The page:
I agree, there was no free love between Moran and anyone, but he was a bully so that's unsurprising. I wonder how much of Rose's sticking up for him was out of self-preservation rather than love. I think the boys of the family were more correct in how they dealt with their father, even though they appeared to be opposite. I like this that Luke had to say (p. 143 in my edition):
Quote:
'I hold no grudge. That would be stupid. But I have a good memory.'
We never really know what wrongs were inflicted on Luke, but there are plenty of hints, most notably the threat of the naked beating of their brother Michael sounding familiar to the sisters.

To suck up to a bully though is not doing anyone any good, especially the bully. Rose could have made life so much better for all by continuing to stand up to him rather than seek to excuse all the horrible things he said.

But Rose is a very realistic character, unfortunately.

I liked the book quite a lot.

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Old 3rd Feb 2008, 17:04   #6
Beth
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Default Re: Book 50: AMONGST WOMEN by John McGahern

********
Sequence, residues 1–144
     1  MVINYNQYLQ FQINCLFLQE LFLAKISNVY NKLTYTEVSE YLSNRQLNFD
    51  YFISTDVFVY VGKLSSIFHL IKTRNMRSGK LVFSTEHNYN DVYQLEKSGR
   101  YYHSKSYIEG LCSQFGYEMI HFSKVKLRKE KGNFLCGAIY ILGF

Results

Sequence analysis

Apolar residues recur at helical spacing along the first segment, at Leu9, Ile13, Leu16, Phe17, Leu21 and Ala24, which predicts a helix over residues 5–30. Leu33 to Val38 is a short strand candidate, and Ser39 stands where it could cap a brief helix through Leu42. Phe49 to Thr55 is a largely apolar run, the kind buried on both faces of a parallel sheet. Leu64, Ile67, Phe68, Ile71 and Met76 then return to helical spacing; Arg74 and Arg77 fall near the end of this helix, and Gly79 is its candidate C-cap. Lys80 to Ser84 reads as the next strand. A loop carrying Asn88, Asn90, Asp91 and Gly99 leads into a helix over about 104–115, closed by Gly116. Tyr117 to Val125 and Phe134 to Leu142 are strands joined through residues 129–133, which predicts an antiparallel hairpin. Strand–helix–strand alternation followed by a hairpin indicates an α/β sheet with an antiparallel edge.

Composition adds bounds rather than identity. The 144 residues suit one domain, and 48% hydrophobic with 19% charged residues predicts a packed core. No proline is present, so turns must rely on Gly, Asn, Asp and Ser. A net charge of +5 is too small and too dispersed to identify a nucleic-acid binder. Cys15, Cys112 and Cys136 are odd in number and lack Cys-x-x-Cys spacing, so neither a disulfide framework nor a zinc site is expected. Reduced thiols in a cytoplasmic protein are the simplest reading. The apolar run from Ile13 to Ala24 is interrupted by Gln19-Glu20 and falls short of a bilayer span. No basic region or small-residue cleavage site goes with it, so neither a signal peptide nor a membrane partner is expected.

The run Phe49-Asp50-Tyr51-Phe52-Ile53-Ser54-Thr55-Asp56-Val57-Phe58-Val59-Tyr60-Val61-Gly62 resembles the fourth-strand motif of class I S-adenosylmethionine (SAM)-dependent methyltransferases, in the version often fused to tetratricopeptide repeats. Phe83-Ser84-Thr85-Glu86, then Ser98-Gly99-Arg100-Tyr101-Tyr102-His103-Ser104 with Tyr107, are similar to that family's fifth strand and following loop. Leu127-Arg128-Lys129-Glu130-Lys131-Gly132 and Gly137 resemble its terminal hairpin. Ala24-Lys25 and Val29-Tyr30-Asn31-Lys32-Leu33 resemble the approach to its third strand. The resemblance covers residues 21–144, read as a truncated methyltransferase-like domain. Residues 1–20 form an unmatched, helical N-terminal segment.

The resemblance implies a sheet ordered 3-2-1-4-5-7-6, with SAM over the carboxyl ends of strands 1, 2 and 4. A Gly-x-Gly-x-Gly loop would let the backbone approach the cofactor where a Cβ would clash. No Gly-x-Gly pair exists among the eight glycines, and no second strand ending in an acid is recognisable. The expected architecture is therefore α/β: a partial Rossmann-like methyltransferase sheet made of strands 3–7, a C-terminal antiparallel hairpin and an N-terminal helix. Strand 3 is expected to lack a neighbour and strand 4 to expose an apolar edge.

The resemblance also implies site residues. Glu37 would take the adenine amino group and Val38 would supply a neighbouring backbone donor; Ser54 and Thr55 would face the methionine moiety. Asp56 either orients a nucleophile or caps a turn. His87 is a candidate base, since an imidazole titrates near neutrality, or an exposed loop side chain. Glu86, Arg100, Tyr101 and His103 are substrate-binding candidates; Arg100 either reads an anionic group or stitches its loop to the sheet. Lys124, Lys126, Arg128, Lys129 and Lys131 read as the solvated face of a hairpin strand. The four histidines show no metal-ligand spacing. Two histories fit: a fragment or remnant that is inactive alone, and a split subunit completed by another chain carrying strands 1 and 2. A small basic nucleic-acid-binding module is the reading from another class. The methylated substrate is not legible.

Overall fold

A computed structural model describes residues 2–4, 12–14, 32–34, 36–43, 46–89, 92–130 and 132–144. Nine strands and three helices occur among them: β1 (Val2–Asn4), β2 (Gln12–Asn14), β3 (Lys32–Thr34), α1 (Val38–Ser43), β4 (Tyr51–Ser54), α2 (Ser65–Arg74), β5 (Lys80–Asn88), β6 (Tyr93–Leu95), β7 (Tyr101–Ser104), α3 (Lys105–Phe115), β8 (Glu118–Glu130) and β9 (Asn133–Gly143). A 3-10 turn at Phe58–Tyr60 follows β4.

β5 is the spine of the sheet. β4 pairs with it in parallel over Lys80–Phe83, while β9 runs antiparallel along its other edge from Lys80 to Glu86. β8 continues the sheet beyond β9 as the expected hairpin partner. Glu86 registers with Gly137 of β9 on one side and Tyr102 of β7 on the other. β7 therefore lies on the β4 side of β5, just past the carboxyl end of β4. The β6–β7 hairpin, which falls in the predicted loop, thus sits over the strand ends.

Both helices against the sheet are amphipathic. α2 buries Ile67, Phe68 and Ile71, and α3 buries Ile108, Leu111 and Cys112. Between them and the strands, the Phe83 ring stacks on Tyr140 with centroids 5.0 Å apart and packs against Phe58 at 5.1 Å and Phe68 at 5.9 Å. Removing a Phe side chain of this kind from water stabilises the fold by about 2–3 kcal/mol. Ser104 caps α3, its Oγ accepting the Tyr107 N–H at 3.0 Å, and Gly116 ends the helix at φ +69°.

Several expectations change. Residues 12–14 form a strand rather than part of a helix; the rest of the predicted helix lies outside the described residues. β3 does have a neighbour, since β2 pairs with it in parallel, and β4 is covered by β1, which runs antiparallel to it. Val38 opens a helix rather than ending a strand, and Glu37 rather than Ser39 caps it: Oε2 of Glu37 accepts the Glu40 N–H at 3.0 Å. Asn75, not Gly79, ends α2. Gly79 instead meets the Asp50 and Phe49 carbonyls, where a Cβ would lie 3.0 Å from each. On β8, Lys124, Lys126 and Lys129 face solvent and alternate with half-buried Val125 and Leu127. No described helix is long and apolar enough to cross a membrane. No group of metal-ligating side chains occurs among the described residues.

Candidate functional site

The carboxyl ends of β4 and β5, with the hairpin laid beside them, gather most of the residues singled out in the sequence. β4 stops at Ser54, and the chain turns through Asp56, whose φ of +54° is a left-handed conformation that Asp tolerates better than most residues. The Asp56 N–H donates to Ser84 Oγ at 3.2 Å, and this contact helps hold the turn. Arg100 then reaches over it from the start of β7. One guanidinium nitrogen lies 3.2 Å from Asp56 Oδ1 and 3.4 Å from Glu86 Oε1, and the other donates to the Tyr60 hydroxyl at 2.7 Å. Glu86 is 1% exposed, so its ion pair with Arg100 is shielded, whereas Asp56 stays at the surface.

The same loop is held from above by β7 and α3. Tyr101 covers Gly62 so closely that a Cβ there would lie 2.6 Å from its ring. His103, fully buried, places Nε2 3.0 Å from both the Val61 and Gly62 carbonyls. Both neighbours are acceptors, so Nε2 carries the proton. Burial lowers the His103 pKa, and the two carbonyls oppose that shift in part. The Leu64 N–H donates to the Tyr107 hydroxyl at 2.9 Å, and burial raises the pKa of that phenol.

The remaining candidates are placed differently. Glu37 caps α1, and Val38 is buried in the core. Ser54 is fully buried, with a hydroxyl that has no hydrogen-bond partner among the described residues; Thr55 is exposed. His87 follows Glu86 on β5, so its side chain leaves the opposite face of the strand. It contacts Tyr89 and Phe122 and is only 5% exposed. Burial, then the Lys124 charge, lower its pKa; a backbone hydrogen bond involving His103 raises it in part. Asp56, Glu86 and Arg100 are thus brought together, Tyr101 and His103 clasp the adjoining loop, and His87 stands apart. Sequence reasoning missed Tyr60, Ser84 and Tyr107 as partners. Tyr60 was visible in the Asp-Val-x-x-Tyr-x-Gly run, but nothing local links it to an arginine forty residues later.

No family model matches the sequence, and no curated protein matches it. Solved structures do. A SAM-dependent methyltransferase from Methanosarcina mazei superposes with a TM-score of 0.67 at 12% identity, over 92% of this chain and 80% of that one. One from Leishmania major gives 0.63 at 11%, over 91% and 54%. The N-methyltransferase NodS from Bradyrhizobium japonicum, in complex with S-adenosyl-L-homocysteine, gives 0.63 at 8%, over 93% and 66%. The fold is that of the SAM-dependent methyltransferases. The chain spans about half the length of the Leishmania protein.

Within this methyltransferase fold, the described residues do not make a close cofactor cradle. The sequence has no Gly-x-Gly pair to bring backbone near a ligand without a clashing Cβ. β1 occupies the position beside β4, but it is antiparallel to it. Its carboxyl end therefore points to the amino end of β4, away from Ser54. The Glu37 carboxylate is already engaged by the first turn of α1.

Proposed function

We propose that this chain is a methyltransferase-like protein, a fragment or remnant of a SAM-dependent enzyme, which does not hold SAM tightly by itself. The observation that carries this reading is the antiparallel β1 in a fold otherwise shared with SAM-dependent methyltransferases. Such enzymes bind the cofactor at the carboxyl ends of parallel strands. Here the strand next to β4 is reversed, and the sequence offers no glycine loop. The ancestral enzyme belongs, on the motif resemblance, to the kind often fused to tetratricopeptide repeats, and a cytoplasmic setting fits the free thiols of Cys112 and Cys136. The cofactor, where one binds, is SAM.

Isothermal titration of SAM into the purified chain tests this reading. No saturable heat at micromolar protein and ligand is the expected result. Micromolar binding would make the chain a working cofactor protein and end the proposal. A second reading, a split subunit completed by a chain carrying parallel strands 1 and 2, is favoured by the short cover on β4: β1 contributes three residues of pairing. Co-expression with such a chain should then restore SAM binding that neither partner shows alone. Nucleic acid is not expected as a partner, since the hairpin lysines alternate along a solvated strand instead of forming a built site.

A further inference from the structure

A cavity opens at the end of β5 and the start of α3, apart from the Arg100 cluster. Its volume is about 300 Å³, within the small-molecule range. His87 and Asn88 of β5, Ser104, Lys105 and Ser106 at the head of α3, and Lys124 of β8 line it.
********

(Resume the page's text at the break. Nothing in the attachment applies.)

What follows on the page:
I'm finding it tough to think about this novel without being internally polarized. The story is deftly and fully told in just 184 pages. McGahern created an arc that enfolds the portion of the life of this family relevant to the underlying menace that gives them energy. And nothing truly exists outside that circle. I think he does a tremendous job of showing the cycle of domestic violence and life with an individual who must control whom he can. Very perfectly chilling in that respect. But it was hard for me to find any character, save Luke, that generated any engagement as a reader. At some points in the novel, I almost felt as though I were perusing an educational pamphlet or primer on how this sort of familial violence works. I kept wondering what McGahern is trying to do. Was he simply telling the story? Was he trying to create such revulsion in the reader for Moran that the simplicity of the story is all that is necessary? The prose is so spare, and there's a definite lack of any authorial philosophizing through characters. The family simply are who they are on the page, it seems. I don't know that I've read anything quite like it, and I'm wondering if layers and themes will sneak out and come forward slowly. The combination of clarity and discomfort caused me to look forward to the novel's end, while appreciating the craft with which the story is told.
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Old 3rd Feb 2008, 21:48   #7
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Default Re: Book 50: AMONGST WOMEN by John McGahern